The toponym Albania may indicate several different geographical regions: a country in the Balkans; an ancient land in the Caucasus; as well as Scotland, Albania being a Latinization of a Gaelic name for Scotland, Alba. This article will cover etymology, as well as trace the usage of the toponyms and related toponyms and ethnonyms from their earliest known occurrence down to present times.
Albania as the name of a Caucasian Albania, the state and the historical region of the eastern Caucasus, that existed on the territory of present-day republic of Azerbaijan (where both of its capitals were located) and partially southern Dagestan.
However, unlike the names of the other 2 European countries, this name was an exonym given to them by the Romans, as no one knew what these inhabitants called themselves. Compare also the land in Caucasus called Iberia, with the Iberian peninsula in Europe.
Albania as the name of a region in the Balkans attested in Medieval Latin. It may derive from an ethnonym, Albanoi, the name of an Illyrian tribe. Some linguists propose a derivation from the Proto-Indo-European root *albho-, which meant 'white'; referring perhaps to the snow-capped mountains of Albania. Others think the source may be a non-Indo-European root *alb-, meaning "hill, mountain", also present in alp "mountain pasture".
The toponym Arbon (Greek: Ἄρβων or Ἀρβών)  or Arbo (Greek: Άρβωνα) is mentioned by Polybius in the History of the World (2nd century BC). It was perhaps an island in Liburnia or another location within Illyria. Stephanus of Byzantium centuries later, cites Polybius, saying it was a city in Illyria and gives an ethnic name for its inhabitants.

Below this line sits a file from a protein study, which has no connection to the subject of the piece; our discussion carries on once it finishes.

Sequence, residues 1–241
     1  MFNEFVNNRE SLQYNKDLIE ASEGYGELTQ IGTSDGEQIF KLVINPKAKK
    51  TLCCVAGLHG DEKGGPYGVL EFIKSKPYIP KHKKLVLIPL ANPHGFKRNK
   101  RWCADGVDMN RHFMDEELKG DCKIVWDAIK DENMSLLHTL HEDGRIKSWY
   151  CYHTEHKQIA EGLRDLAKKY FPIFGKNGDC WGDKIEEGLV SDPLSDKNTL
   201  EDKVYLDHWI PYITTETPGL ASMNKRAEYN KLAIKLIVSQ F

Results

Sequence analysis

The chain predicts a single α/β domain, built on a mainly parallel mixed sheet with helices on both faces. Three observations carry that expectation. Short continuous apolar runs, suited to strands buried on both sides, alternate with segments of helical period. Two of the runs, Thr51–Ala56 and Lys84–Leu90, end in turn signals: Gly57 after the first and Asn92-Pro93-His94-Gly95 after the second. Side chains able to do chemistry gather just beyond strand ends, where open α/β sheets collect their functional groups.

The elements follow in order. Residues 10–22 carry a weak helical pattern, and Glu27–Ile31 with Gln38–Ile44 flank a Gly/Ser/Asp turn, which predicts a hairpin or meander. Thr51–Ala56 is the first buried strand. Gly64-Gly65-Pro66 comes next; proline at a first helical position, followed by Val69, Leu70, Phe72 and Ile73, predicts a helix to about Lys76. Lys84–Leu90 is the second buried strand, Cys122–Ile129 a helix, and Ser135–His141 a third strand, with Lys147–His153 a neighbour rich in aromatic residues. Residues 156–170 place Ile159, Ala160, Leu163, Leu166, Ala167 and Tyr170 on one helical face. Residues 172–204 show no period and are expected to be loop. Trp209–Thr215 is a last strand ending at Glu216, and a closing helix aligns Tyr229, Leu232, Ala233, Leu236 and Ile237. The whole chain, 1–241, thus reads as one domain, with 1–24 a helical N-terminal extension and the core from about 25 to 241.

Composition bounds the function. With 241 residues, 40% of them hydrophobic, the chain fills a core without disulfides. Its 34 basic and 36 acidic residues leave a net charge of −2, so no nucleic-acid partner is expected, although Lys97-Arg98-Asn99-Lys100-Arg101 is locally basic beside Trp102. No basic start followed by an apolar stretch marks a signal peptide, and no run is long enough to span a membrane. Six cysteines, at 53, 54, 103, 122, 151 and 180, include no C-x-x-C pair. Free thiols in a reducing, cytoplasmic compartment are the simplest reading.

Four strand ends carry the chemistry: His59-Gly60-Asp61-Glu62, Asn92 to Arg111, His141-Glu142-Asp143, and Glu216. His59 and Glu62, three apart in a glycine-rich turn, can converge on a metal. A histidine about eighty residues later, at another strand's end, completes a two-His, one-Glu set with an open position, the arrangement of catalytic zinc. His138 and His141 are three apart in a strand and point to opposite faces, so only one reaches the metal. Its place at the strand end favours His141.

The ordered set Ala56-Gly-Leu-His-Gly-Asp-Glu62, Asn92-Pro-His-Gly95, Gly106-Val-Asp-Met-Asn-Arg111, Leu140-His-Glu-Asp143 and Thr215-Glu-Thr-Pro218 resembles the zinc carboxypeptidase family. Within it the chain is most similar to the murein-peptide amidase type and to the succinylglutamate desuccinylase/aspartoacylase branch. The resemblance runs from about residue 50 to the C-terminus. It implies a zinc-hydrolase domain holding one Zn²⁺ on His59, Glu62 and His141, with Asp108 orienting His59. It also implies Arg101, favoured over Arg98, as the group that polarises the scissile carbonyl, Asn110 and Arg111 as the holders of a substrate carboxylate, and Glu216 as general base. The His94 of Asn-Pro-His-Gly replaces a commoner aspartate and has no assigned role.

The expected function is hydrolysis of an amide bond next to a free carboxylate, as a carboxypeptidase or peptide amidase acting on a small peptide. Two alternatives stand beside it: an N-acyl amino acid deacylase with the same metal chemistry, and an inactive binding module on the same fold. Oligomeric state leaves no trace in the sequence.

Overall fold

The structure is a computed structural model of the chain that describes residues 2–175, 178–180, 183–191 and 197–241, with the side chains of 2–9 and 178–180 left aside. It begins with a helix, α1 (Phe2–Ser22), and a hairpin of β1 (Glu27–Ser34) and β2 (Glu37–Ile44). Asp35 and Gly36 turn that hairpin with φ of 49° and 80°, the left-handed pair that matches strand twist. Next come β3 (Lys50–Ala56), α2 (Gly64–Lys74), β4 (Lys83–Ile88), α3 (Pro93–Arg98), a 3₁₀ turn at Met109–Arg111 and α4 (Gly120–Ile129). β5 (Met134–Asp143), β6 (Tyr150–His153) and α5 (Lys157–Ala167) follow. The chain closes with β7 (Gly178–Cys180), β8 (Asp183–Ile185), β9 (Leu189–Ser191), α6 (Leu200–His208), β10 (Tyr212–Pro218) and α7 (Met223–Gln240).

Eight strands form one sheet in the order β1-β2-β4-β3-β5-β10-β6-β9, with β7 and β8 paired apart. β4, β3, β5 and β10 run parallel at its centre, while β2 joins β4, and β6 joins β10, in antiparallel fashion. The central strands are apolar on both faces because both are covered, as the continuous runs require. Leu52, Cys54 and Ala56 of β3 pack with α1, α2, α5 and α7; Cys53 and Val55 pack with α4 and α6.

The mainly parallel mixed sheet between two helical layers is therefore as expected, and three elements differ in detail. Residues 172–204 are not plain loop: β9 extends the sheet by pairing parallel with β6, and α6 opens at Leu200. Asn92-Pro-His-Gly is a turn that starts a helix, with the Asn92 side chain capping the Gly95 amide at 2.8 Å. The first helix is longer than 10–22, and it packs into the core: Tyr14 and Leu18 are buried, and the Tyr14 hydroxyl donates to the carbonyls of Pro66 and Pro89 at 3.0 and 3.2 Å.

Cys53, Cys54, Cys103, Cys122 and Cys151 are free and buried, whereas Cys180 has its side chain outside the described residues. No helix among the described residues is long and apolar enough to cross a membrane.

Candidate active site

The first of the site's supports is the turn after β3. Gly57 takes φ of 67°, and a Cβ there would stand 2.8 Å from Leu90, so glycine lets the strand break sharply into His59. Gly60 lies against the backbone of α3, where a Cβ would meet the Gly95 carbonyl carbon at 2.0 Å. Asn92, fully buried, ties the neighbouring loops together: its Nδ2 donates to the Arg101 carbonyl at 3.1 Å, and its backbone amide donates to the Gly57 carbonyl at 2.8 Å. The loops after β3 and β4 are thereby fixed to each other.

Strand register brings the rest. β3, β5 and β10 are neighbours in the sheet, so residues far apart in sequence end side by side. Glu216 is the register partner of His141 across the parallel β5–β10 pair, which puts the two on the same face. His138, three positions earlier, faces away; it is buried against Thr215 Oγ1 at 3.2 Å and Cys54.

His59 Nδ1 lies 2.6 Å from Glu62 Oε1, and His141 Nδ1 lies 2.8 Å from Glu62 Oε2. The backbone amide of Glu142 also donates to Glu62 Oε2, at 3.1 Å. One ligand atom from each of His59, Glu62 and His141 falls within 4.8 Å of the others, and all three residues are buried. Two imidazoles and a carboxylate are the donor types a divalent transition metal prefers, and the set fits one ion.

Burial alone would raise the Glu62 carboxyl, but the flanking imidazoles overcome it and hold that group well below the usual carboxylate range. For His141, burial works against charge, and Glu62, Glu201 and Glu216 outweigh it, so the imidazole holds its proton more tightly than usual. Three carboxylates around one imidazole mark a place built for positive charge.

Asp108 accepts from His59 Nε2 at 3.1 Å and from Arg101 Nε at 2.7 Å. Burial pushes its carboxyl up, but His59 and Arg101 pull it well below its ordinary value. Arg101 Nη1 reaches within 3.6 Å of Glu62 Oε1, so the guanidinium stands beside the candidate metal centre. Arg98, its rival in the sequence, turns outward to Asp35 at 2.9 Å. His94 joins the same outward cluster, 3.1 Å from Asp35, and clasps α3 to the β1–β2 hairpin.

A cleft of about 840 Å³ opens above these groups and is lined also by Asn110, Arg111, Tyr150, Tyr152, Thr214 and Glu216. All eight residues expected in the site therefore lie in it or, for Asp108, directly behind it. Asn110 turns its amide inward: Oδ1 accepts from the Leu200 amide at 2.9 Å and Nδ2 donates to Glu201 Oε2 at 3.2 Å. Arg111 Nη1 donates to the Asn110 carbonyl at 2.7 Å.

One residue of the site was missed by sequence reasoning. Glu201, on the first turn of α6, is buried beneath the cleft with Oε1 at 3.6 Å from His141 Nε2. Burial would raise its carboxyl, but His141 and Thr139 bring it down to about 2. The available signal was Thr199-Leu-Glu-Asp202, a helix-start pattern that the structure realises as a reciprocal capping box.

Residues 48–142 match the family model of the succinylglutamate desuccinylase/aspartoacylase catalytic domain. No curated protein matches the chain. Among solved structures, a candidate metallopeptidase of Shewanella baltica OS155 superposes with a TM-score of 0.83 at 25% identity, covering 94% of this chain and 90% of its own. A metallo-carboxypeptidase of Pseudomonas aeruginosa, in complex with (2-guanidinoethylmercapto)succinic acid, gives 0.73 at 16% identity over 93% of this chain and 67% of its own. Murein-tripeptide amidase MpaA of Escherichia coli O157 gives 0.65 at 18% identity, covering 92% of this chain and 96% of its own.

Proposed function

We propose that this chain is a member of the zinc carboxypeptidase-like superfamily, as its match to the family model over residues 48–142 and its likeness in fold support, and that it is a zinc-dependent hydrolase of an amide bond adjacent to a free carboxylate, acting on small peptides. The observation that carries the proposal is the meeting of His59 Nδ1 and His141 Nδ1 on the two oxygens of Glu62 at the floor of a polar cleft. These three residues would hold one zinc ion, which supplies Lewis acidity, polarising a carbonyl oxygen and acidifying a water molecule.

Albanoi first occurs in extant written sources in a work of Ptolemy dating back to 150 AD. "Albanopolis of the Albanoi" appears on a map of Ptolemy, a place located in what is now North central Albania.
The Albanoi were Illyrians, but whether the modern Albanians have an ethnic continuity with the Illyrian Albanoi is disputed (see Origin of Albanians), and the ethnonym may have been transferred to an unrelated people. The Albanoi are also named on a Roman-era family epitaph at Scupi, which has been identified with the Zgërdhesh hill-fort near Kruja in northern Albania.
We first learn of the ancestors of the modern Albanians in their native land as the Arbanites of Arbanon in Anna Comnena's account (Alexiad, IV) of the troubles in that region caused in the reign of her father Alexius I Comneus (1081–1118) by the Normans. In the History written in 1079-1080, Byzantine historian Michael Attaliates was first to refer to the Albanoi as having taken part in a revolt against Constantinople in 1043 and to the Arbanitai as subjects of the duke of Dyrrachium.
Their descendants in Greece and Italy have been called in different ways with the passing of the years: Arbërór (in Arvanitic) or more commonly Arvanites (in Greek), Arbënuer, Arbënor, Arbëneshë, Arbëreshë.
Arbanon was a region in the mountainous area to the west of Lake Ochrida and the upper valley of the river Shkumbin in 11th century AD.